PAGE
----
Friday, November 9, 2018

Walter Mosley's FUTURELAND

I'd imagine, if I wanted to step outside of my best life right now--thank you very much--to be anyone from any of the books that have stayed with me, I would be Walter Mosley's Ptolemy Bent, from his absolutely chilling, stirring, and memorable FUTURELAND. This may surprise some folks, given the comparisons and litmus tests I have to jump through for daring to be black and write mysteries without regard for all the other blacks who may have wanted to do so as well.

It ain't hate for his crime fiction but abject love and worship of his science fiction, beginning with BLUE LIGHT, which I feel should have won him the National Book Award, as it surpasses Atwood's ORYX AND CRAKE for chilling, hyper-realized technological domination of the human species, only as it dares to double-down upon her strong feminist message in his nightmarishly trippy 60s free-love superhero epic.

I have a confession to make, and it's I prefer Walter Mosley's science fiction to his crime fiction, and we all know his work is some of the roots of my work's fruits, no question. I write about food and sex in aspiration of how Mosley's work moves me when he offers lush details with whimsy. I try to bite his style, but I'm from Chicago, with too much mercury and nickel in my bloodstream to be light about any details, what, me being laced with heavy metals 'n all.

What Mosley's crime fiction doesn't do for me is a sense of familiarity with the environments. I can't position myself in Easy Rawlins' world. I get dragged along, which is a perfectly great position for the average reader, but for the guy who is searching for his own style back in the 90s, when I made three of his books my first Amazon purchase ever, at the behest of Arthur Andersen and Co. partners who wanted to see their sales order process work firsthand in a client presentation, I read him realizing I had stories of my own, and I better tell them.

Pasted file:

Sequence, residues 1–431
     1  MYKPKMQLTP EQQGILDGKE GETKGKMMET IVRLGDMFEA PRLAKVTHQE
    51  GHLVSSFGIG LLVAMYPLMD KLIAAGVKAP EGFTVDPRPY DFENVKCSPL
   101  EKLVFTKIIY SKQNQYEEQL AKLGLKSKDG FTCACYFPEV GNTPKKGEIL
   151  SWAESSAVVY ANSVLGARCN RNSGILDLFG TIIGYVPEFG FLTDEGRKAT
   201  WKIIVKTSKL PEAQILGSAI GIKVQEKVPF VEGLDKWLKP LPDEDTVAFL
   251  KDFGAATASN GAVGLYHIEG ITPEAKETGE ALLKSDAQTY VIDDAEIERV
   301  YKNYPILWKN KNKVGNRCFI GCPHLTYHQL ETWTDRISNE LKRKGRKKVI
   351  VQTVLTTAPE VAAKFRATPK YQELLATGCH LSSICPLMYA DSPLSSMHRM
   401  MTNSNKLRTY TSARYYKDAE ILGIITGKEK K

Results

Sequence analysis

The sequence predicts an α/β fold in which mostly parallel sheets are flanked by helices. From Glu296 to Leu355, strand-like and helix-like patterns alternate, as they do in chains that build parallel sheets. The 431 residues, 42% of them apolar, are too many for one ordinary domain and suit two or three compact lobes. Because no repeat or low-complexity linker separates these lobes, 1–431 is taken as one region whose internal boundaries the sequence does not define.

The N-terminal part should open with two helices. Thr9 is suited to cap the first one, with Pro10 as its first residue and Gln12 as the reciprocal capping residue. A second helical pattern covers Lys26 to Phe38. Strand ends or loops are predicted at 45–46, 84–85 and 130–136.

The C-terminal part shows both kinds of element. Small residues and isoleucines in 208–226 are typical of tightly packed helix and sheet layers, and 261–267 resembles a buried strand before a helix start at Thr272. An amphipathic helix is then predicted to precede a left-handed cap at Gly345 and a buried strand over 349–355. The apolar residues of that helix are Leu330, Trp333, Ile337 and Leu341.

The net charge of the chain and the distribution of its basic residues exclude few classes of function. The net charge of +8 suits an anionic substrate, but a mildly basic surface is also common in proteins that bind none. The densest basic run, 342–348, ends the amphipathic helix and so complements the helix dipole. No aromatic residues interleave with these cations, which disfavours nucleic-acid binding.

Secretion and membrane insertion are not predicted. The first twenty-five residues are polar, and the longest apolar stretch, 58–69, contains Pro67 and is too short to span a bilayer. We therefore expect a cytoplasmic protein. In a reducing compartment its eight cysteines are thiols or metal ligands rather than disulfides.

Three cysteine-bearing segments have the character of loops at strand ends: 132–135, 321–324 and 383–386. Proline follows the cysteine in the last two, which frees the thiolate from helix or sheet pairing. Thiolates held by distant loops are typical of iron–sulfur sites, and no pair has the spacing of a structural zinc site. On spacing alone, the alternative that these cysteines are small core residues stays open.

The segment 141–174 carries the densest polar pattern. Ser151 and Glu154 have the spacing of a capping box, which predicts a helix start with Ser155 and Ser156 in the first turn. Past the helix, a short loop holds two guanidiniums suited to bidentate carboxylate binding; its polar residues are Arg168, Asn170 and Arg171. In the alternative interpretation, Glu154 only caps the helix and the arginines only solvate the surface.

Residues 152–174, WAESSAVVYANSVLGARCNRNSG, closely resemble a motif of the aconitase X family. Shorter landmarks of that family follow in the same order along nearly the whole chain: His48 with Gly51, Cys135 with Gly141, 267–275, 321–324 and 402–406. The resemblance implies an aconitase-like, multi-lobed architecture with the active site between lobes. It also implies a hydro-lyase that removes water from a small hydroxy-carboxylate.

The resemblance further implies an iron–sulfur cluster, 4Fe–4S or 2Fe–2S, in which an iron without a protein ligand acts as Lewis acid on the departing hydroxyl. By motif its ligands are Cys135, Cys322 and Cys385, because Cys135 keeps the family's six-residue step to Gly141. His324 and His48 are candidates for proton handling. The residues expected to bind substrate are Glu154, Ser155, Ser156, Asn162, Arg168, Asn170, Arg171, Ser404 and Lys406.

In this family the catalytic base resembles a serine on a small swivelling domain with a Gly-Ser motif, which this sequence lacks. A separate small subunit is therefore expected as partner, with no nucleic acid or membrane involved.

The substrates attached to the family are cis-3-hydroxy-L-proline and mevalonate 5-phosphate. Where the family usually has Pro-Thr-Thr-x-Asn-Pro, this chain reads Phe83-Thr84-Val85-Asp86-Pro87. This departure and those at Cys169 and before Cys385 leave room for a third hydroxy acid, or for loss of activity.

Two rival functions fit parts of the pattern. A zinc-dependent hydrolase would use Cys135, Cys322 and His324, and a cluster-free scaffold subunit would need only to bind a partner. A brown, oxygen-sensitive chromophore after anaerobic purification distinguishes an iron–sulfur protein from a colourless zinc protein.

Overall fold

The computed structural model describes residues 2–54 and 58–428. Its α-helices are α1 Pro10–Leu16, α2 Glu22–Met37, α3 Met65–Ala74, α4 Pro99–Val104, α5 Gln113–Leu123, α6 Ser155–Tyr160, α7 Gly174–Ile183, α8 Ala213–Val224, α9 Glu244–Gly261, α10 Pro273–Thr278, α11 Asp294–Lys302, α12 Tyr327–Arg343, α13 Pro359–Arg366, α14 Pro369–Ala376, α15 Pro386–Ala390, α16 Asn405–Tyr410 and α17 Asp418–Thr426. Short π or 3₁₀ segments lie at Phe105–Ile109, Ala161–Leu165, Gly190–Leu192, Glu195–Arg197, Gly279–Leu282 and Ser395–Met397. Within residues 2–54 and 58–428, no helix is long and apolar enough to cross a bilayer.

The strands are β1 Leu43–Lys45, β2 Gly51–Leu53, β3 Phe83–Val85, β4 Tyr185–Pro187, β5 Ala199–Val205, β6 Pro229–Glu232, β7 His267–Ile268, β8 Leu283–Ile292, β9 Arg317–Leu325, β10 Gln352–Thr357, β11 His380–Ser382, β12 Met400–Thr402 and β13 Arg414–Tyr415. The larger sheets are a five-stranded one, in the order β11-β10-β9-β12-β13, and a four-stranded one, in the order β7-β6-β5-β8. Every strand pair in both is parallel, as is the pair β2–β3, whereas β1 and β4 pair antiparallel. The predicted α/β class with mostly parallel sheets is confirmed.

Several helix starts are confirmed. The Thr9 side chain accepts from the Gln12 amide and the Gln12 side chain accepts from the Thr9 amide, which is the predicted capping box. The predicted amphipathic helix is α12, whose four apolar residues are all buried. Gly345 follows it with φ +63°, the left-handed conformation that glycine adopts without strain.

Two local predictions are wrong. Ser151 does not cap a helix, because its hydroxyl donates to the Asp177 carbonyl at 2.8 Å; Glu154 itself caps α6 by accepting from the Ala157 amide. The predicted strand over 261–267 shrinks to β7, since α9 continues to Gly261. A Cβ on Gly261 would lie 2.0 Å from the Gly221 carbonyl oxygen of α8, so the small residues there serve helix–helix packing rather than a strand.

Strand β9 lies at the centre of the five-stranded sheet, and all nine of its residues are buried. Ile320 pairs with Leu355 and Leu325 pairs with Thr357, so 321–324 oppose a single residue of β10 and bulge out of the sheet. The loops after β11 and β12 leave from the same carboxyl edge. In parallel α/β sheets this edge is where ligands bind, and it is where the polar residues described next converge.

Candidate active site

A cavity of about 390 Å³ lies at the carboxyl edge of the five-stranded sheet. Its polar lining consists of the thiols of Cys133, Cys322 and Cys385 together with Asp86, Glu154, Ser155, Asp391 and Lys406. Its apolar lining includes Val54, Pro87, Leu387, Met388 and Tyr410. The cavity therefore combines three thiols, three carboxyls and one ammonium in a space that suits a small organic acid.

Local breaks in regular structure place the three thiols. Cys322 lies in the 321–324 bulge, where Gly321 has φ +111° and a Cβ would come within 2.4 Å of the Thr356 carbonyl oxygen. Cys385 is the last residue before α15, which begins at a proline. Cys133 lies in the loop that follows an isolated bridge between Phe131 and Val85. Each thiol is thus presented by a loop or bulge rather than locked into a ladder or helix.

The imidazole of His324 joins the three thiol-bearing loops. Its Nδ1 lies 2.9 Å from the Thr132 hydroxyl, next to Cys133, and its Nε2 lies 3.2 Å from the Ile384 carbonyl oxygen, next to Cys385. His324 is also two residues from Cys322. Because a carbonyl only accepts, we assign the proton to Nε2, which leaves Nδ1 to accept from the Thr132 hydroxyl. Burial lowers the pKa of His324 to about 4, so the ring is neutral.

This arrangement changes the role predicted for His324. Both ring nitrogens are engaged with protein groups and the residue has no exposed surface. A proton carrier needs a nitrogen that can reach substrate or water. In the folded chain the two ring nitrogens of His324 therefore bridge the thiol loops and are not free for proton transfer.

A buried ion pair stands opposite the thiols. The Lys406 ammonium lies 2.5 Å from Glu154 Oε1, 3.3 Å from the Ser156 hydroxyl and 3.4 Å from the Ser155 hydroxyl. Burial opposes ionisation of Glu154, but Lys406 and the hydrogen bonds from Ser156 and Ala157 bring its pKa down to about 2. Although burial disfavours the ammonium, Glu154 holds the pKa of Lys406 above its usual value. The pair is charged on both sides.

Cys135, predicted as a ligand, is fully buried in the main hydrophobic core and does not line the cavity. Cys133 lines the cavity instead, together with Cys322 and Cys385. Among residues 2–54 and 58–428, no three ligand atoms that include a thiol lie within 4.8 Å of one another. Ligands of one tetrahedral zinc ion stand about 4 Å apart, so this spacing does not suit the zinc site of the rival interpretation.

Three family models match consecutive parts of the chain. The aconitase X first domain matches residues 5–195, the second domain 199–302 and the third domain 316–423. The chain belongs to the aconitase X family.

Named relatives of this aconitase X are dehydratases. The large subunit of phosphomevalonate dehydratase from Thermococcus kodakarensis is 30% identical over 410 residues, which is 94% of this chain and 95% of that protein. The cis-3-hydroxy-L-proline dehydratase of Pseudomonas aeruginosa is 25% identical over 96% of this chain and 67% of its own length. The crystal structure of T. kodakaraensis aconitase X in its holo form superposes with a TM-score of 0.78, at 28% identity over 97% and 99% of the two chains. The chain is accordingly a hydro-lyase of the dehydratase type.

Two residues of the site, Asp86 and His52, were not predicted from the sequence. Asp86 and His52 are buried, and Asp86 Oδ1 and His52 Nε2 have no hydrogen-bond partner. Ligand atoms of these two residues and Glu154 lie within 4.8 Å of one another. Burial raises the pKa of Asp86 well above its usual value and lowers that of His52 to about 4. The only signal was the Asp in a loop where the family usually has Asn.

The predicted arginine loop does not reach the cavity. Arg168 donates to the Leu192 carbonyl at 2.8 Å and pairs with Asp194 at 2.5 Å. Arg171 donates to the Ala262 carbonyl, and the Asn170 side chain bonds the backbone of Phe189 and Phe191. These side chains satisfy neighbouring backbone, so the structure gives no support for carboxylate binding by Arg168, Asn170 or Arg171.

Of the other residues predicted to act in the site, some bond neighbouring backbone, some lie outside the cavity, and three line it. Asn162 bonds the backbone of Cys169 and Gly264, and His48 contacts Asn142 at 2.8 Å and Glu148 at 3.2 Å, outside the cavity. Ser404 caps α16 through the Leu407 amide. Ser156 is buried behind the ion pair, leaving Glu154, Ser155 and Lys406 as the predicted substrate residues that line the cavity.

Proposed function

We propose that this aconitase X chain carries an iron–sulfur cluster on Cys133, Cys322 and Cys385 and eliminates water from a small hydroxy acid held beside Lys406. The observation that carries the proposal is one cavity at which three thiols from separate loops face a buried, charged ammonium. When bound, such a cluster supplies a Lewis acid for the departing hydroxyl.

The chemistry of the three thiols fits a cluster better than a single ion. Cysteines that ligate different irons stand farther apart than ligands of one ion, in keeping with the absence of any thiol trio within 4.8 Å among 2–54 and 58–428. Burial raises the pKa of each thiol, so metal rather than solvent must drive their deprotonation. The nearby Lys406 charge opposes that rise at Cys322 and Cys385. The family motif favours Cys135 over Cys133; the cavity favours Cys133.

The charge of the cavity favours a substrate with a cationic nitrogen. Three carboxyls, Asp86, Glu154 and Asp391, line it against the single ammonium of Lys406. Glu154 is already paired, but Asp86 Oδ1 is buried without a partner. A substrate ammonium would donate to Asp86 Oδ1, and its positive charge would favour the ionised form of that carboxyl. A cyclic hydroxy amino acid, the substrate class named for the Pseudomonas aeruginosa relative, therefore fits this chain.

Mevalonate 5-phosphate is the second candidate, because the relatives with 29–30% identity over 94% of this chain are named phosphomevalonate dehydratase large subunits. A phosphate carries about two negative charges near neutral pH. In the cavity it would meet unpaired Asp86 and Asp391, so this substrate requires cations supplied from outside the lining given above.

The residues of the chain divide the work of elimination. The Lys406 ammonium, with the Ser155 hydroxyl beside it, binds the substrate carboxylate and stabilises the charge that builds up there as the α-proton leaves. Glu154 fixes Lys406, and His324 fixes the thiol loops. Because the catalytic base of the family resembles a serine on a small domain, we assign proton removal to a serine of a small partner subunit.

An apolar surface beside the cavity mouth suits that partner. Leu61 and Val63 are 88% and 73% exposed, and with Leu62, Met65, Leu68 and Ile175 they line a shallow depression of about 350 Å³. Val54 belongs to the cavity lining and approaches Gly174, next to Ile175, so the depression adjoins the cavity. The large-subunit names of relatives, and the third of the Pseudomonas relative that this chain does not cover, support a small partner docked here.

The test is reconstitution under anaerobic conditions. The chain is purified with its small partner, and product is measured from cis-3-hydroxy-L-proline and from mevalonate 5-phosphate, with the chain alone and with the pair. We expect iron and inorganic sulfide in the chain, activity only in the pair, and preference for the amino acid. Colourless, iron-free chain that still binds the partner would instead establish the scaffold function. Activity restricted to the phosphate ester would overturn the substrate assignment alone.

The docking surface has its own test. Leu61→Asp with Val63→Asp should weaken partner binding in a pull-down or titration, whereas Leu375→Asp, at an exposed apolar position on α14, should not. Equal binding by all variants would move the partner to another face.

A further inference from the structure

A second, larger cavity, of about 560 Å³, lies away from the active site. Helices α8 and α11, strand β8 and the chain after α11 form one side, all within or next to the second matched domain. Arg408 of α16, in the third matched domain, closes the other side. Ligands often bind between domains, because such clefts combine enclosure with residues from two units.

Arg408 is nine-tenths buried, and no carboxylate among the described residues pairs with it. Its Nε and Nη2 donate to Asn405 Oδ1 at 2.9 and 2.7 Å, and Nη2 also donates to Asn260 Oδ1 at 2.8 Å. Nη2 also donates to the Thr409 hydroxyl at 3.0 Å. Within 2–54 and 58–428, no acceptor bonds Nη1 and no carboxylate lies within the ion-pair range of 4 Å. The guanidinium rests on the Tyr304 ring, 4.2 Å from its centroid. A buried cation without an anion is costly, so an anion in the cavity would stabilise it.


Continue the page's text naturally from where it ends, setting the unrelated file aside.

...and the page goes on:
Mosley's science fiction is immediately familiar to me, as it is within direct conversation with each and every one of the masters, like a griot using his sacred smoke to weave his tales in with Stephen King's The Jaunt and The Long Walk, Ray Bradbury's commitment to enlightening the reader in Something Wicked This Way Comes and The Illustrated Man, and an urge to merge new and exciting conceptual technologies into the daily lives of his characters that speaks of his mastery of forms offered by greats such as Robert A. Heinlein and Orson Scott Card, who all bit off of Ursula LeGuin, but at least Walter keeps it femme, which is lovely.

I love Futureland so much, it's in the DNA of my work that sits side-by-side with his in THE OBAMA INHERITANCE. In my story BROTHER'S KEEPER, my not quite veiled criticism of the Obama administration's handling of the economy and public safety for African-Americans framed as an anti-Trump story, which is really only an anti-tyranny story, but don't get me to talkin', check out the endless skyscrapers Larry, our protagonist, lives in, and then read about the office building Mosley's Popo Bent houses his chosen elites to help bring about change in a Manhattan that has grown vertically to monstrous proportions. He's a mastermind of what makes people better. Ptolemy Bent uplifts everyone around him to make them believe in themselves. I can relate to that character, and I still do, and its embedded within the DNA of my work. It's proof of Walter Mosley's genius in the form. Seek out his handful of science fiction works and be as delighted as I am remembering his gift to the genre, and to literary fiction overall.

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For those interested in the works to which I frequently refer, check out these titles at your local bookseller, your local library, or online where you enjoy purchasing your print and e-books. As always, thanks for your support and encouragement.


         

7 comments:

Terry said...

I've always been an avid sci-fi reader, and didn't even know Mosley wrote it. So thanks for the tip. Rushing right out to add your recommendations to my perilously giant stack of TBRs.

Cathy Ace said...

Other than Wells and Huxley, and some PKD, I've never been a sci-fi reader. Might have to amend that. Thanks.

Susan C Shea said...

Boy, am I ignorant. I didn't know Walter Mosley wrote science fiction. Like Cathy, I'm not a sci fi reader although Octavia Butler's work pretty much transcends the tropes of that genre and I do like her writing. And while Philip Dick was not the best writer, his science fiction imagination was wild and inventive.

James Ziskin said...

Great piece, Danny. I have to read some of this.

Dietrich Kalteis said...

Great post, Danny. I love Mosely's crime fiction, but now you've got me wanting to check out his sci-fi.

RJ Harlick said...

Ditto for the sci-fi. I never knew Mosely wrote it. Will have to check it out. Great post, Danny.

Danny Gardner said...

His work is really great in the science fiction space. It always starts out accessible, then takes you on a wild ride. I'd read FUTURELAND first. If you have the brain capacity for really weird stuff, BLUE LIGHT is great. The ending still haunts me, because it implies to do great things and to rise to heroism in the current insane world, you may risk your own sanity. Walter's science fiction found me at an impressionable time and I'm better for it.